Film Review: Vice
Director: Adam McKay
Cast: Christian Bale, Amy Adams, Steve Carell, Sam Rockwell, Tyler Perry, Allison Pill, Lily Rabe, Eddie Marsan, Justin Kirk, Lisagay Hamilton, Jesse Plemons
Running Time: 132
Australian Distributor: Entertainment One
Adam McKay’s film announces its central problem in a title card before the images even start to flicker, admitting the film is “as true as it can be given that Dick Cheney is known as one of the most secretive leaders in history. But we did our f**king best.” So encapsulates the ensuing 130 minutes: a self-admission that this enterprise is devoid of any legitimate depth, but at least it’s spiked with some smirking humour.
Vice pitches itself as a comprehensive tell-all; a juicy, epic cataloguing of the Bush-Cheney administration’s atrocities, but that doesn’t square with its simultaneous framing as a singular character study of Cheney the person.
It opens with a young Cheney getting pulled over for drunk driving and ends with a defiant Cheney addressing the audience directly, refusing to apologise for his actions and claiming to have been chosen by the people to serve.
It must be said that Christian Bale, under tons of make-up and with a harsh, whispery intone – almost like his Batman voice – brings the incarnation of former Vice President Dick Cheney to life with astonishing credibility. Bale’s Cheney is as condescending as we painfully remember him, with his unconditional love for his wife and daughters providing the only glimpse of humanity in an otherwise inhuman being.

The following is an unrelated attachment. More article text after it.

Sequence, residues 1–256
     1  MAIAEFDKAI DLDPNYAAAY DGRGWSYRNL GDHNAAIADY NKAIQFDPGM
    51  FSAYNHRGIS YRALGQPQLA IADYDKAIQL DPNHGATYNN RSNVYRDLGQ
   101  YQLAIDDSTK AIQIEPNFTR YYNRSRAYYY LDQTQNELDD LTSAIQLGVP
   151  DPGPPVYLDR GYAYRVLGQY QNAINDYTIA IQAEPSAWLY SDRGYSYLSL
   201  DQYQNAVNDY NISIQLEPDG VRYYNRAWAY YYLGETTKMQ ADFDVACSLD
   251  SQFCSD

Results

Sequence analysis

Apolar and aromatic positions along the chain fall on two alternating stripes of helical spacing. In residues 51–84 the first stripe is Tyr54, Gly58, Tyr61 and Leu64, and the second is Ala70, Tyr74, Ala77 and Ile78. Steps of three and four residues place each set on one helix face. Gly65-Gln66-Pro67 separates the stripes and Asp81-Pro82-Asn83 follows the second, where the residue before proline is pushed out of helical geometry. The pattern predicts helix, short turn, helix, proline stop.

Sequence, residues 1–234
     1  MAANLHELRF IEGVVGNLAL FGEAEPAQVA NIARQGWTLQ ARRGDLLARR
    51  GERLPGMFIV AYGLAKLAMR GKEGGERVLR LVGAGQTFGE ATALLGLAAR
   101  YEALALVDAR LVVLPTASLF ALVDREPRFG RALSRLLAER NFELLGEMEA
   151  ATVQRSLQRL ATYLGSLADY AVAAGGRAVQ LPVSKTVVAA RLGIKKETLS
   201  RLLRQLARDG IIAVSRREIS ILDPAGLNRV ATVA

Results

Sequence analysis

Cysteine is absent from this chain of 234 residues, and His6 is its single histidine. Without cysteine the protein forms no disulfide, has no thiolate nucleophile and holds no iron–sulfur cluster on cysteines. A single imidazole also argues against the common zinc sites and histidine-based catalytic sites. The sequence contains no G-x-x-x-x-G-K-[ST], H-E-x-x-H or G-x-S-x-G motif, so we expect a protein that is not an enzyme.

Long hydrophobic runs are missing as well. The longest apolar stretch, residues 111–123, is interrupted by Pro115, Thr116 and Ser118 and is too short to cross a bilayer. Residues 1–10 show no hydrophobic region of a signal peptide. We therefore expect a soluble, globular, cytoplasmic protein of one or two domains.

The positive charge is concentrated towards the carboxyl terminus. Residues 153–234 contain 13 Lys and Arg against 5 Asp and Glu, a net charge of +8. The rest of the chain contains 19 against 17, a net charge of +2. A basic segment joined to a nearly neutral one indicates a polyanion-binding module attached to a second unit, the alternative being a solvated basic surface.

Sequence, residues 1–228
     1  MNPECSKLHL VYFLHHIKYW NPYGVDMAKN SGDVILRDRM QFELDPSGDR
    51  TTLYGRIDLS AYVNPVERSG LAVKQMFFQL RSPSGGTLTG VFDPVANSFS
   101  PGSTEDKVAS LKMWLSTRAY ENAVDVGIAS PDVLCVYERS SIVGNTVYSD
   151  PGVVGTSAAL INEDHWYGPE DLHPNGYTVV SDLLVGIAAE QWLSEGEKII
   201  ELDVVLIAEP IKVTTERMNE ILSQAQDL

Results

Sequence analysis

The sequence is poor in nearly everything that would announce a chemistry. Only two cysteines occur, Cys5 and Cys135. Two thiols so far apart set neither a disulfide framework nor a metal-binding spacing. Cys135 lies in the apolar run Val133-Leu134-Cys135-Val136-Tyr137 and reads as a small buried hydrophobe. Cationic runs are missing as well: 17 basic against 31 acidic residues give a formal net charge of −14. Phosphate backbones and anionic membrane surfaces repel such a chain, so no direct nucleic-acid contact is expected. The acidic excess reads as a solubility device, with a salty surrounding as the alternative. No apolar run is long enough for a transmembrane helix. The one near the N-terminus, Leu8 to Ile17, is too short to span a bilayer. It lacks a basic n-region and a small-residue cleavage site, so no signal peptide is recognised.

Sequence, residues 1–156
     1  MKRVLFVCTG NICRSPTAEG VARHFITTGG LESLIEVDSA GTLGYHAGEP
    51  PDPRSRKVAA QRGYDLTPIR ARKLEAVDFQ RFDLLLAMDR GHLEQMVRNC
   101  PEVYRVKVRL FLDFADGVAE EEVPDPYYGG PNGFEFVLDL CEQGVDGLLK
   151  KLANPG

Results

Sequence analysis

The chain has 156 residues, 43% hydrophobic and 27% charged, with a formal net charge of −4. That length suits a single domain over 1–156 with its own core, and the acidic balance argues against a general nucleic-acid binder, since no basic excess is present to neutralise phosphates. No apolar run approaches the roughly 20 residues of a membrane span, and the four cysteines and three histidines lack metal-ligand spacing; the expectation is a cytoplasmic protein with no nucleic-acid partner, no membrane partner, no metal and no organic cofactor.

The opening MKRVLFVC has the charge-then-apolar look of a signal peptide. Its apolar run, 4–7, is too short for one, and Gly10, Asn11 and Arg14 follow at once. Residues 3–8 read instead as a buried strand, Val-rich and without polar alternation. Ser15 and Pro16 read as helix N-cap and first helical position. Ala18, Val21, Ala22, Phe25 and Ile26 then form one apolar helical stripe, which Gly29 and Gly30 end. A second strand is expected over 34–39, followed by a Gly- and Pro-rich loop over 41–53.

Sam Rockwell’s take on George W. Bush is excellent – really in his element – but his screen time is limited. Amy Adams gives the film’s most intriguing performance as Lynne Cheney, Dick’s wife, on whom McKay’s screenplay goes down a few different motivational avenues, from scarred victim to stolid judgmental leviathan to complicit power consolidator. Steve Carell also is very good as Donald Rumsfeld.
With these actors in the hands of McKay, the film presents itself as a dark comedy. The problem, of course, is that it’s not funny. Whether because of the inherent nature of its subject or the film’s too busy structure, the end result feels more sickening than anything else. Explaining something like the financial crisis of 2008 was almost like artistic public service for McKay. Vice fails to provide any real insight into who Cheney is or what motivates him.
So while the two lead actors are impeccable, it also proceeds through a standard “this happened and then that happened” structure, which hits all the major events in Cheney’s career and life without delving too deeply into any of them. The hardest-hitting segments are when McKay cuts away to the collateral damage caused by some of Cheney’s more reckless and overconfident policies, particularly the Iraq occupation and all the carnage and mayhem that engendered.
Vice wants to make the case for why we need to avoid the likes of Dick Cheney, a mostly amoral man with little regard for other human beings and no respect for the limits of power, but it can’t quite decide how it wants to present its argument. Consequently, McKay has made a mess of an already painful history.
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